Last month, seven fully vaccinated, elderly residents of a nursing home in Belgium died of COVID-19. They had all been infected with a coronavirus variant now known as Mu.
The outbreak raised questions about whether Mu posed a greater threat than other variants, including Delta. But so far, that hasn’t proven to be the case.
Mu carries mutations that could help it circumvent protection from vaccines – but it’s becoming less prevalent over time relative to other variants. That’s an indication that Mu won’t become dominant, since variants with a big advantage over Delta would quickly account for more cases.
Globally, Mu infections seem to have peaked in mid-July, when they represented 0.6% of new coronavirus infections. Today, they represent just 0.1% of new infections worldwide, according to data from GISAID, a database that collects coronavirus genomes.
Mu is spreading across the globe, but it’s still uncommon
Of the 48 countries that have recorded Mu infections this year, just 10 have spotted Mu cases in the last month.
The variant is most prevalent in Colombia, which recorded the world’s first Mu cases in January. Mu now represents almost all of the new coronavirus infections sequenced there in the last month, according to GISAID.
The US, Mexico, and a handful of European countries – Belgium, France, the Netherlands, Spain, and the UK – have also recorded Mu cases in the last four weeks.
But just because a variant is geographically dispersed doesn’t mean it’s spreading widely across the globe. In the US, for instance, Mu has been detected in nearly every state, yet the variant represents less than 0.2% of new coronavirus infections sequenced in the last month.
“We’re keeping a very close eye on it,” Dr. Anthony Fauci, President Joe Biden’s top medical adviser, said at a briefing last week, adding, “We don’t consider it an immediate threat right now.”
Mu doesn’t seem to be as transmissible as Delta
The World Health Organization labeled Mu a “variant of interest” in late August. The term applies to variants that may cause significant community transmission or have genetic changes that could alter the way the virus behaves. At the time, WHO scientists were concerned because Mu had been spreading quickly in South America since May.
But Mu’s prevalence in South America has dropped since then. At its peak in mid-July, the variant represented around 5% of South America’s new coronavirus infections. Now it represents around 3%.
In a study that’s still awaiting peer review, Colombian researchers estimated that Mu is 1.2 times more transmissible than the original version of the virus. That gives Delta the advantage, since the variant is likely more than twice as transmissible as the original strain.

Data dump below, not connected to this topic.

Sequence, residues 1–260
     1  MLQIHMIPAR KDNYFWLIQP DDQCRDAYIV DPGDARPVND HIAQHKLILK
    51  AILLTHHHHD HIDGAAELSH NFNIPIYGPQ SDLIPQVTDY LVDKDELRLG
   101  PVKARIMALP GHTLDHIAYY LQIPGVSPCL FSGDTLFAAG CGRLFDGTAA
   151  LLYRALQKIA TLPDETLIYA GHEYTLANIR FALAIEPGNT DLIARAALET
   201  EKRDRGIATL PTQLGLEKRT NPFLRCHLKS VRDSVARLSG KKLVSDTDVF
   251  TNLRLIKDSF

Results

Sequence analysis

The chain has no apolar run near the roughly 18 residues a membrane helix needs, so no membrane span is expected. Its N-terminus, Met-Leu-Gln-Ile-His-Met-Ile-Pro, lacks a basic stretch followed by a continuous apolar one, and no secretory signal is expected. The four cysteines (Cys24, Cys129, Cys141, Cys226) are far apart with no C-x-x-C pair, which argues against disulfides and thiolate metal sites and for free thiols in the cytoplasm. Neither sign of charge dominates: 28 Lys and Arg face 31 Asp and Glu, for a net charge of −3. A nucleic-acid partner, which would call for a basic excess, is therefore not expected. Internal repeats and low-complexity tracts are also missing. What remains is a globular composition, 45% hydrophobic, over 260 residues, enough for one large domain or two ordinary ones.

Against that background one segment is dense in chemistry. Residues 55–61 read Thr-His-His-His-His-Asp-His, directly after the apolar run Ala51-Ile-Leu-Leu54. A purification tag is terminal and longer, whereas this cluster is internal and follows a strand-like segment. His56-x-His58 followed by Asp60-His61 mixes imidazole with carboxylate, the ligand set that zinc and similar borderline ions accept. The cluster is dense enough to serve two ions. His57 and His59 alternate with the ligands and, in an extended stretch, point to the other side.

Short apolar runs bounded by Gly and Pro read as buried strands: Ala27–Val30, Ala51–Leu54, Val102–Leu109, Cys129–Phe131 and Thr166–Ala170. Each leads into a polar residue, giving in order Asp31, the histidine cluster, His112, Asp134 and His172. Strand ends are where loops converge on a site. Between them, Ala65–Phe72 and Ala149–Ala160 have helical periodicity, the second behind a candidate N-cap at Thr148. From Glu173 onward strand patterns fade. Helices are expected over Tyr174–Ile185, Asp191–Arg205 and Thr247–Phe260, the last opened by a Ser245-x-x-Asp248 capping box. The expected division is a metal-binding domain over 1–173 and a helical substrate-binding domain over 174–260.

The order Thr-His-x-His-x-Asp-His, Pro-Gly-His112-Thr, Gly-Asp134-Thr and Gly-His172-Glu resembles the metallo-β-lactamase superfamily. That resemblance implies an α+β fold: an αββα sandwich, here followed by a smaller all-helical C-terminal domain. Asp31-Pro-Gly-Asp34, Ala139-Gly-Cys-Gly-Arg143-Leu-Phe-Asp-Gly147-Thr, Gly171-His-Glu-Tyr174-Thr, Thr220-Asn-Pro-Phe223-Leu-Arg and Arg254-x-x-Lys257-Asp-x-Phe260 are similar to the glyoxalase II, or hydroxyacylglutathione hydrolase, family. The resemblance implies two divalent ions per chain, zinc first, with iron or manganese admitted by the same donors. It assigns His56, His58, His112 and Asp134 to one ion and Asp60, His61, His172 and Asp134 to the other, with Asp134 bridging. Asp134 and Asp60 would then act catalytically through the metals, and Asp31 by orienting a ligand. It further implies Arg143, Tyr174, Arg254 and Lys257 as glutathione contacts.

Still, scientists are closely watching Mu because of its potential to resist the body’s immune defenses.
Scientists are most concerned about Mu resisting vaccine protection
Maria van Kerkhove, the WHO’s technical lead on COVID-19, told the Associated Press that the variant “is of interest to us because of the combination of mutations it has.”
Mu carries several key mutations in the genetic code for the spike protein – the crown-like bumps on the surface of the virus that help it invade our cells. These mutations could make it resistant to antibodies produced by vaccines or a prior infection, which target the spike protein to neutralize the virus.
One study suggested last month that the presence of these mutations might warrant reclassifying Mu as “a variant of concern” – a term reserved for a handful of the most worrisome variants so far, including Delta. Another study, which hasn’t been peer-reviewed yet, found that Mu is more resistant to neutralizing antibodies from Pfizer’s vaccine or a prior infection than any other variant of concern.
Italian researchers have found evidence, however, that Pfizer’s vaccine still neutralizes the Mu variant, even though the vaccine offers better protection against the original version of the virus. Their study concluded that Mu is “not a concern for vaccine efficacy.”
Many scientists expect that variants like Mu will continue to appear, given how much the virus is spreading.
“The virus itself is still changing phenotypes and probably becoming more infectious and adapting to drug treatment regimens,” Andrew Read, a professor at Pennsylvania State University who studies the evolution of infectious diseases, told Insider last month. “There’s no reason to think it’s going to settle down in the short term. What we’d hope is that it will get close to the maximum infectiousness in the short term.”